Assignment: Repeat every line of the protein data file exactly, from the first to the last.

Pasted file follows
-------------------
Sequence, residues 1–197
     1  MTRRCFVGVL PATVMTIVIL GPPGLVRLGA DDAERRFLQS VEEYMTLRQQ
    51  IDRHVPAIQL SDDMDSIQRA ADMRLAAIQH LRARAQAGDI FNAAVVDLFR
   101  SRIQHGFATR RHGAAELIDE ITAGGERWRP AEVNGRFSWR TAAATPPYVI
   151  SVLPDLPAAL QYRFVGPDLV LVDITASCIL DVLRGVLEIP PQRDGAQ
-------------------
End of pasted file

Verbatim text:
Sequence, residues 1–197
     1  MTRRCFVGVL PATVMTIVIL GPPGLVRLGA DDAERRFLQS VEEYMTLRQQ
    51  IDRHVPAIQL SDDMDSIQRA ADMRLAAIQH LRARAQAGDI FNAAVVDLFR
   101  SRIQHGFATR RHGAAELIDE ITAGGERWRP AEVNGRFSWR TAAATPPYVI
   151  SVLPDLPAAL QYRFVGPDLV LVDITASCIL DVLRGVLEIP PQRDGAQ